One day, a person came to talk to you and said, "I am your caseworker." You might not have known what a caseworker was or why you needed one. Or maybe, you had a caseworker before and were not happy to have one again. Or maybe, just maybe, it seemed like someone was going to help make your home a better place to be. You might be wondering...
Why Do I Have a Caseworker?
Kids get caseworkers for lots of reasons, but we're talking about caseworkers who make sure that you are healthy and safe. If you have a caseworker, it is because someone thought that your family needed some extra help in making sure you are safe and have all the things you need to keep you healthy and well. In order to do that, a judge is going to supervise. That just means that you, your family and your caseworker are going to see the judge and let him or her know what is happening and how things are going until he's sure that they are better. Here is the important thing to remember: the people in the courtroom (that's where you'll see the judge) are there to help you and your family, not to punish anyone.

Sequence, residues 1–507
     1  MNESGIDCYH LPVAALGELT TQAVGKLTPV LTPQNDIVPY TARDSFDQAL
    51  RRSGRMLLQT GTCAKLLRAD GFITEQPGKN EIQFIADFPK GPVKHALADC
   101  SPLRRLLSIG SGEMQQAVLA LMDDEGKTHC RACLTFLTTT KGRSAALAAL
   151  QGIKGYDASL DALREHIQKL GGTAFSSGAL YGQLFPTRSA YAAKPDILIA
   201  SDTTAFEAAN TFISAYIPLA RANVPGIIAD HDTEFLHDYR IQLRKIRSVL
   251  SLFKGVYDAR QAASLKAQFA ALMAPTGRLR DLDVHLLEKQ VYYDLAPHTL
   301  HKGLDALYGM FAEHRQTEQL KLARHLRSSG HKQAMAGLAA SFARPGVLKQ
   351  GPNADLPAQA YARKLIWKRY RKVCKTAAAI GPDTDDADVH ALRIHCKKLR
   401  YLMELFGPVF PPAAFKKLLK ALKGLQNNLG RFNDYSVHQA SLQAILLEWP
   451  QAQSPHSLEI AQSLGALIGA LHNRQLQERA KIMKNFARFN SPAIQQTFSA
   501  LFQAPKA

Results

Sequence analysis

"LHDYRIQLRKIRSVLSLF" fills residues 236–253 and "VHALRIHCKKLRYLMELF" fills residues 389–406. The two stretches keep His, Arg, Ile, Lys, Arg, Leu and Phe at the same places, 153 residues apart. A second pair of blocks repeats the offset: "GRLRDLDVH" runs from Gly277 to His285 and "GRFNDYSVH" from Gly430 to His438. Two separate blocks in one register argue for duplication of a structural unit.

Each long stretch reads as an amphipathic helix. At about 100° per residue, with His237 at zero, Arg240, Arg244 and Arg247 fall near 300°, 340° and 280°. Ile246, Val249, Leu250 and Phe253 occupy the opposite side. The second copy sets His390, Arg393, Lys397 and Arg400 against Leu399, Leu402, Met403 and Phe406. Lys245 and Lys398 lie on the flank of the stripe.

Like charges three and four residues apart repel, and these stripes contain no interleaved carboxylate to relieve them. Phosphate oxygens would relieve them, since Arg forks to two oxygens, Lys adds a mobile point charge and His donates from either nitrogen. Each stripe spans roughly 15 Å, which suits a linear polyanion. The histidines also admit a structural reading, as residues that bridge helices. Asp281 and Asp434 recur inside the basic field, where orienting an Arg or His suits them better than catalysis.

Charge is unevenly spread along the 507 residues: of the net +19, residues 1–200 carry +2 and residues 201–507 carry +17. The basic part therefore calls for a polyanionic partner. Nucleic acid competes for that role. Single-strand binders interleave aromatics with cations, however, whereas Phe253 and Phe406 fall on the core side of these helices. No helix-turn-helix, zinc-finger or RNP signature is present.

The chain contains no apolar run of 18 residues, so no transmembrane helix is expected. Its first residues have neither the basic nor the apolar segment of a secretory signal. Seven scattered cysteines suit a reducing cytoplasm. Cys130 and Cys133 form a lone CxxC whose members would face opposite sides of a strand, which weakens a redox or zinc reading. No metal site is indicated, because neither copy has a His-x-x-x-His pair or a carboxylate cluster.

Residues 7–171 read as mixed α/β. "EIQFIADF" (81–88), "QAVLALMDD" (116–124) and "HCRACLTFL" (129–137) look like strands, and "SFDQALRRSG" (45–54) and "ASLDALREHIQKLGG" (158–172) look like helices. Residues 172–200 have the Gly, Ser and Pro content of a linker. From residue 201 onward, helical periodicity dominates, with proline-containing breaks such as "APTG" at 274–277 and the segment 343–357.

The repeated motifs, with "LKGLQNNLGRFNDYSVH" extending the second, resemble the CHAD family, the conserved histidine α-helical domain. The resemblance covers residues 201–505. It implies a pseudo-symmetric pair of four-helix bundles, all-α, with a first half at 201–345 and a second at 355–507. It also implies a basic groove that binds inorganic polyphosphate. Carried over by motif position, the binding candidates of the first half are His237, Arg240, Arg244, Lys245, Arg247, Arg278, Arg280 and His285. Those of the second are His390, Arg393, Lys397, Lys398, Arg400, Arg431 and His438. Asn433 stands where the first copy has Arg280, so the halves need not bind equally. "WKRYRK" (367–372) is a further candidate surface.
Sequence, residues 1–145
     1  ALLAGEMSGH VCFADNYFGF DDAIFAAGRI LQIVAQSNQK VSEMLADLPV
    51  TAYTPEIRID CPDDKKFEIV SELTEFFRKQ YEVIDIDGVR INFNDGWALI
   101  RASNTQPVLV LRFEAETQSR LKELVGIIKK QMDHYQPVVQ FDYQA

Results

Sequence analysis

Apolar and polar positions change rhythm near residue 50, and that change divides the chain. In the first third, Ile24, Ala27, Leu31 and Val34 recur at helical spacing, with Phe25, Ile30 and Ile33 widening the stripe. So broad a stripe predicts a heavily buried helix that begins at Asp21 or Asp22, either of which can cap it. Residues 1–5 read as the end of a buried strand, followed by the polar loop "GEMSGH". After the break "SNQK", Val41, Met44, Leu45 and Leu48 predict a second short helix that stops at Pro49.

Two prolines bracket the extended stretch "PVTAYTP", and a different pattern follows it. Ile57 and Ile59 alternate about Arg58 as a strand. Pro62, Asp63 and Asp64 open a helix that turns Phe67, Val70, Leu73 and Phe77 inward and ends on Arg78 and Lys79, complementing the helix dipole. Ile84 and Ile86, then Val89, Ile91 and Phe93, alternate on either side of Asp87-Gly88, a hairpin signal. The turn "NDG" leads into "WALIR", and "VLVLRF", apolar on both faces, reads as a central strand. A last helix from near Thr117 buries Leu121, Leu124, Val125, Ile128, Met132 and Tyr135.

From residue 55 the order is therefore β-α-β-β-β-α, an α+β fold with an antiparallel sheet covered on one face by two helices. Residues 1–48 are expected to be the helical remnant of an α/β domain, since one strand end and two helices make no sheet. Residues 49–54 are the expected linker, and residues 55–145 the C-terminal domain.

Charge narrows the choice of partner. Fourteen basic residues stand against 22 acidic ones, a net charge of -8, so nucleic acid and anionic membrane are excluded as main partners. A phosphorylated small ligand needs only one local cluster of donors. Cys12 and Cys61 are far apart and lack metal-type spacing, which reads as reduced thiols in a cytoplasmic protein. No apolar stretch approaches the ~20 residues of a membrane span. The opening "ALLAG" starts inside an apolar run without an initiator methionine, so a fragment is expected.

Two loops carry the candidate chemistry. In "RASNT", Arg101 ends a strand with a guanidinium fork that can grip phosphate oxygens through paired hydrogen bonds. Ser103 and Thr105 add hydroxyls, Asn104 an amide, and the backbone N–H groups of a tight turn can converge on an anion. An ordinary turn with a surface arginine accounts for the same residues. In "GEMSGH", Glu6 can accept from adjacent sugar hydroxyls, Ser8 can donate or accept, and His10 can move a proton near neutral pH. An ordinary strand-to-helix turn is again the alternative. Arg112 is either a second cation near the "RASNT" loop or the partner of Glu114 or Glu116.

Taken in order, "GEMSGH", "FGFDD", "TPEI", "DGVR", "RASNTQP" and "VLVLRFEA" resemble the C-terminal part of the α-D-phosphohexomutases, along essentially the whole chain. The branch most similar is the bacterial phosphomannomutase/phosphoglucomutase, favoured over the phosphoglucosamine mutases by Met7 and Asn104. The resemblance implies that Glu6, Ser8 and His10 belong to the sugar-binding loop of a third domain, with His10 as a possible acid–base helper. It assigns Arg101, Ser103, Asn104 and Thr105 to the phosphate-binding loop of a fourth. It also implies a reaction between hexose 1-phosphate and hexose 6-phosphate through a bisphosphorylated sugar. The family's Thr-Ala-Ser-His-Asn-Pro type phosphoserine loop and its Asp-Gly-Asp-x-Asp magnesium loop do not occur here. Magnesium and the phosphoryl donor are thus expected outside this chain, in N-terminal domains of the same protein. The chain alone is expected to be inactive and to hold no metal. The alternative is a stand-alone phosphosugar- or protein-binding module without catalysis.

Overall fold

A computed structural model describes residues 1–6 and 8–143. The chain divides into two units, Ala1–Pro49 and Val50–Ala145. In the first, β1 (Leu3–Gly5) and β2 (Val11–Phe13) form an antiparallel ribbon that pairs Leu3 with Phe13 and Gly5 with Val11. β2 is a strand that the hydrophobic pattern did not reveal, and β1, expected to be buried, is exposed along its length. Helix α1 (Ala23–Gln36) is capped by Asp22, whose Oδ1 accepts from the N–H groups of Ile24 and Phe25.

Where Am I Going To Live?
Sometimes, when kids are in danger, they have to go and live in another place until they can be safe at home again. Some kids go to foster homes where they live with a family. Other kids go to a group home where they live with other kids and some adults who take care of them. Some placements are called "shelter," because a child only lives there for a short time and then moves somewhere else. If you can't live with your mom or dad, the next best place might be with one of your relatives or an adult family friend. If you know of one of these people who you would like to live with, make sure you tell your caseworker or your lawyer.
Who Can I Talk To?
Every child who has to go to court has a lawyer. Most kids have a special kind of lawyer called a "Guardian ad Litem" or GAL. Your GAL is the person who will be in the courtroom talking to the judge and other people about what you want and what you need. Your GAL is a special helper, and you can tell him or her anything. Make sure your GAL knows what you are afraid of and what you would like. The more you tell your helper, the more help you and your family can get to make things better.
If you want to know more about what happens when you go to court, you can look here.